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UK retail sales slump to record low for September

·3-min read
Shoppers seen walking with shopping bags along Bond Street in London. (Photo by Belinda Jiao / SOPA Images/Sipa USA)
September was a more challenging month for retailers as shoppers tightened their belts. Photo: SOPA Images/Sipa USA

UK’s retail sales volumes slumped in September, according to the Office for National Statistics (ONS), as retailers warned of higher prices over the upcoming holiday period amid rising COVID-19 cases.

Retail sales fell by 0.2% compared to August. They were down for the fifth consecutive month, the longest continuous stretch on record. 

Volumes were 4.2% higher than in February 2020 levels, before the pandemic hit, ONS data showed. 

Retail sales volumes over the last three months fell by 3.9% when compared to the previous three months, partly because of strong sales in April when non-essential retailing reopened. 

This was the first fall in the three-month-on-three-month series since March 2021.

"After enjoying a post-pandemic recovery for most of the year, September was a more challenging month for retailers as shoppers tightened their belts amid talk of a cost of living crisis," said Lynda Petherick, head of retail, Accenture UKI, said.

“These figures will be no cause for celebration for the sector as we head into the crucial Black Friday and Christmas trading period.”

Fuel shortages, wet weather, and low consumer confidence all contributed to lower consumer demand this month, said Helen Dickinson, CEO of the British Retail Consortium.

Non-food stores reported a fall of 1.4% in sales volumes in September 2021, driven by falls in household goods stores (-9.3%) such as furniture and lighting stores, and other non-food stores (-1.7%) such as sports equipment stores.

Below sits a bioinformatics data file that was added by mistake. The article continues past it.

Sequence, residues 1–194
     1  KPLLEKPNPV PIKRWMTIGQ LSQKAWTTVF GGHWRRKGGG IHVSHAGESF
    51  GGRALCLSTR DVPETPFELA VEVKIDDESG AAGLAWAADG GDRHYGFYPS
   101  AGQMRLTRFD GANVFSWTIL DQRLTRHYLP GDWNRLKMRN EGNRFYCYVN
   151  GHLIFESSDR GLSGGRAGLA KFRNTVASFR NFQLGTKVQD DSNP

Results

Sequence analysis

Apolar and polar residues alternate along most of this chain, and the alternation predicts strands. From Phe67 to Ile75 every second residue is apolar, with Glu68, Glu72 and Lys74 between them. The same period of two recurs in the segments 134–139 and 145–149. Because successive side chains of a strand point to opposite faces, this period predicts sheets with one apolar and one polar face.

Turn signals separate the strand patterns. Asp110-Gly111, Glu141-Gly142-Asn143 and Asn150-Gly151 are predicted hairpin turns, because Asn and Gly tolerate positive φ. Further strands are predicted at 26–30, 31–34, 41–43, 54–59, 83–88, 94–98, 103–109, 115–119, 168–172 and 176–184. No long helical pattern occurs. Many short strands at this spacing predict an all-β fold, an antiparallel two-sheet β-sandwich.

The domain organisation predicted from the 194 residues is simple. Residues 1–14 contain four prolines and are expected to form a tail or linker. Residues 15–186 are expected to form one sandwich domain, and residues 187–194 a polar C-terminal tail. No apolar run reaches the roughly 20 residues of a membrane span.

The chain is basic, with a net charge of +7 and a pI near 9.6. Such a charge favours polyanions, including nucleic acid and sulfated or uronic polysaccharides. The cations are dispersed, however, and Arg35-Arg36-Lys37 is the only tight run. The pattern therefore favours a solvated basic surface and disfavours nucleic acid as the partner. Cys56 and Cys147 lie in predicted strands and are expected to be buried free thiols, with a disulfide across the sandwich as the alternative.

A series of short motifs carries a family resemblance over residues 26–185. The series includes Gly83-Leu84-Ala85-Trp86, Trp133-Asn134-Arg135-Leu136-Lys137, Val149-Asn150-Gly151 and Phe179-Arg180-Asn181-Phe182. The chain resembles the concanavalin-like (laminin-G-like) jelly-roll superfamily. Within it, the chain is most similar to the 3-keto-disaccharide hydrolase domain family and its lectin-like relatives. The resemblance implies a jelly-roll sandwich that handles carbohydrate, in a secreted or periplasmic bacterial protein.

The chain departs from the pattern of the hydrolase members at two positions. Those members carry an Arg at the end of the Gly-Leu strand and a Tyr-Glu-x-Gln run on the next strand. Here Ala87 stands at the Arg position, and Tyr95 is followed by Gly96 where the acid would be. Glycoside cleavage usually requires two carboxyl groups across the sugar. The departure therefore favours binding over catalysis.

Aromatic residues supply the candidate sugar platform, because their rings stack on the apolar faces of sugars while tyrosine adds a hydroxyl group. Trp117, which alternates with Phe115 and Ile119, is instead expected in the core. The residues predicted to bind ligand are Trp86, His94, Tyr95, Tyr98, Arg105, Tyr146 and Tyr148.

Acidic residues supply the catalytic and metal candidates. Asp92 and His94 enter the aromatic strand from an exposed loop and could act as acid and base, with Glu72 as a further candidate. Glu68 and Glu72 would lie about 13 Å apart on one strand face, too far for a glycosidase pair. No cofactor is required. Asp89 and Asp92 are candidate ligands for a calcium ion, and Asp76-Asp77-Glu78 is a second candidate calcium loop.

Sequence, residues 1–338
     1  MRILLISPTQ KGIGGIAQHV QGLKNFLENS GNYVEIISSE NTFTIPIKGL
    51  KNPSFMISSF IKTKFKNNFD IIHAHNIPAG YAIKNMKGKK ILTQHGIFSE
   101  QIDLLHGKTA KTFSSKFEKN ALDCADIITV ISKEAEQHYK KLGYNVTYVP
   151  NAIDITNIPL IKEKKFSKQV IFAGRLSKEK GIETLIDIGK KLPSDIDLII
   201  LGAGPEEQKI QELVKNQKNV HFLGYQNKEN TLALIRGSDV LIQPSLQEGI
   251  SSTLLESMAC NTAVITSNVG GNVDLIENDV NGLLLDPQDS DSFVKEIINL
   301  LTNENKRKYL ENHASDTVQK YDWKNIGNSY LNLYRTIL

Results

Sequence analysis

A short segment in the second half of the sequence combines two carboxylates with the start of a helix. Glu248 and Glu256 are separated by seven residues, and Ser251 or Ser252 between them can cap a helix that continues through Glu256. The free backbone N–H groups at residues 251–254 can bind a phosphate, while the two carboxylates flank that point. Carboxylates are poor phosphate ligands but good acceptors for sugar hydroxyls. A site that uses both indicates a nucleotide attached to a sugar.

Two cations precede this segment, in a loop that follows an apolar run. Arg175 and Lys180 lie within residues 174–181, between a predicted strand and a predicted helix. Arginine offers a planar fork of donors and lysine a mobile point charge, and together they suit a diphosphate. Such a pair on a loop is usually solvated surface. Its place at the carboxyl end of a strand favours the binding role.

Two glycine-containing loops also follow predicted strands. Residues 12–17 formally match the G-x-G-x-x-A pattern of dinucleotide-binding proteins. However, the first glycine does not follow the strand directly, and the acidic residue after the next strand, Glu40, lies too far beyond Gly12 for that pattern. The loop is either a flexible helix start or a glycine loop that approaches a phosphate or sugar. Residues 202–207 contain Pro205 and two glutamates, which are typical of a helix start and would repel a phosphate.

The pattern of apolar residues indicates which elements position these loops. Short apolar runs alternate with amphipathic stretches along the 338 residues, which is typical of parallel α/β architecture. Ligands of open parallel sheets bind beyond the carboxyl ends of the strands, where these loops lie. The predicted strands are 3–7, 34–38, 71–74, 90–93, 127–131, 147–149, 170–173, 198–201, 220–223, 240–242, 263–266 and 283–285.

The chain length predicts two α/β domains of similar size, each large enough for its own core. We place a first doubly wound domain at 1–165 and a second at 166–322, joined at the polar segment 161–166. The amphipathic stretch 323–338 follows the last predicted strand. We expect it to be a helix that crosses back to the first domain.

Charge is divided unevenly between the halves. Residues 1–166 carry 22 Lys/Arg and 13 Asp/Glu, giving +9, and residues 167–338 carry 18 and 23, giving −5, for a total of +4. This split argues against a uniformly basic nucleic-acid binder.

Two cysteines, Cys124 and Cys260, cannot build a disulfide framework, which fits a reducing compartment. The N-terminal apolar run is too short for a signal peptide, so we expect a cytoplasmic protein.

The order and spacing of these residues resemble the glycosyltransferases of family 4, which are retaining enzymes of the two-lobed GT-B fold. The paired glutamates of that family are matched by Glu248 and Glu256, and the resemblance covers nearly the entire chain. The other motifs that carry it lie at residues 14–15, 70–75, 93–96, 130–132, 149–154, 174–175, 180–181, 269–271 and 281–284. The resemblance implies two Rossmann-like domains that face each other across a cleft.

Automotive fuel sales volumes rose by 2.9% as demand towards the end of September increased sales – volumes were 1.8% above their pre-pandemic February 2020 levels.

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Food store sales volumes were up by 0.6% and were 3.9% above pre-pandemic levels.

Despite a relaxation of COVID-19 restrictions in summer 2021, in-store retail sales remain subdued.

The proportion of retail sales online rose to 28.1% in September from 27.9% in August, substantially higher than the 19.7% in February 2020.

"With the novelty of a trip to the high street wearing off more of us have gone back to our pandemic habits of ordering with an on screen click rather than a trip to the shops," said Susannah Streeter, senior investment and markets analyst at Hargreaves Lansdown.

Meanwhile Dickinson said "retailers will be concerned by the slump in sales, just as they begin their preparations for the all-important Christmas period".

Read more: FTSE pushes higher despite UK retail sales falling again

She said that for the sake of the UK’s economic recovery, it is vital that retail sales bounce back as we near the festive season and that the government find a long-term solution to labour shortages across the supply chains.

“Labour shortages, alongside higher energy, commodity, and transport costs, are all putting pressure on prices, with three in five retailers warning of higher prices before Christmas,” she added. 

Petheric said: “The greatest concern will be whether retailers are able to get consumers the products they want – be that turkeys or toys – at a time when price increases may deter consumers from buying in the first place.”

“It can’t be ignored that there is also the looming spectre of rising COVID case rates, which could see people shy away from physical retail this winter. This reiterates one of the key lessons from the pandemic – the paramount importance of a seamless and well-prepared e-commerce offer.”

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